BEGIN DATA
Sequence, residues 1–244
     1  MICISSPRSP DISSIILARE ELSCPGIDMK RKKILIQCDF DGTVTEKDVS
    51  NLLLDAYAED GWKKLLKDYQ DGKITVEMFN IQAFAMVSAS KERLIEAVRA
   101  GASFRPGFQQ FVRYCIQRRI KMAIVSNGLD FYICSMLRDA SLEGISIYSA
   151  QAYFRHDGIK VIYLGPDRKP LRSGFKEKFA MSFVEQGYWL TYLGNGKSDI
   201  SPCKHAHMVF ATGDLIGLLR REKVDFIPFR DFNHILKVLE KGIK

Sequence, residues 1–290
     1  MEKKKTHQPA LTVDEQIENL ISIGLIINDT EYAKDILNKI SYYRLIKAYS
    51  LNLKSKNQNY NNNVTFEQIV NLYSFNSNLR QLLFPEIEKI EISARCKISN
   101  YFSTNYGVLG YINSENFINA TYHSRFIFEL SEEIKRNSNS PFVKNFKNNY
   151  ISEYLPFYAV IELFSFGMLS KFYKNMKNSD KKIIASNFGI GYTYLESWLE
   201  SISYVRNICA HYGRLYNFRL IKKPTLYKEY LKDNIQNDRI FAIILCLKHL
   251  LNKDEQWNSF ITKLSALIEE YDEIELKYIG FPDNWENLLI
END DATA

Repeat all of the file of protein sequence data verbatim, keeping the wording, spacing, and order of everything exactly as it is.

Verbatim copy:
Sequence, residues 1–244
     1  MICISSPRSP DISSIILARE ELSCPGIDMK RKKILIQCDF DGTVTEKDVS
    51  NLLLDAYAED GWKKLLKDYQ DGKITVEMFN IQAFAMVSAS KERLIEAVRA
   101  GASFRPGFQQ FVRYCIQRRI KMAIVSNGLD FYICSMLRDA SLEGISIYSA
   151  QAYFRHDGIK VIYLGPDRKP LRSGFKEKFA MSFVEQGYWL TYLGNGKSDI
   201  SPCKHAHMVF ATGDLIGLLR REKVDFIPFR DFNHILKVLE KGIK

Sequence, residues 1–290
     1  MEKKKTHQPA LTVDEQIENL ISIGLIINDT EYAKDILNKI SYYRLIKAYS
    51  LNLKSKNQNY NNNVTFEQIV NLYSFNSNLR QLLFPEIEKI EISARCKISN
   101  YFSTNYGVLG YINSENFINA TYHSRFIFEL SEEIKRNSNS PFVKNFKNNY
   151  ISEYLPFYAV IELFSFGMLS KFYKNMKNSD KKIIASNFGI GYTYLESWLE
   201  SISYVRNICA HYGRLYNFRL IKKPTLYKEY LKDNIQNDRI FAIILCLKHL
   251  LNKDEQWNSF ITKLSALIEE YDEIELKYIG FPDNWENLLI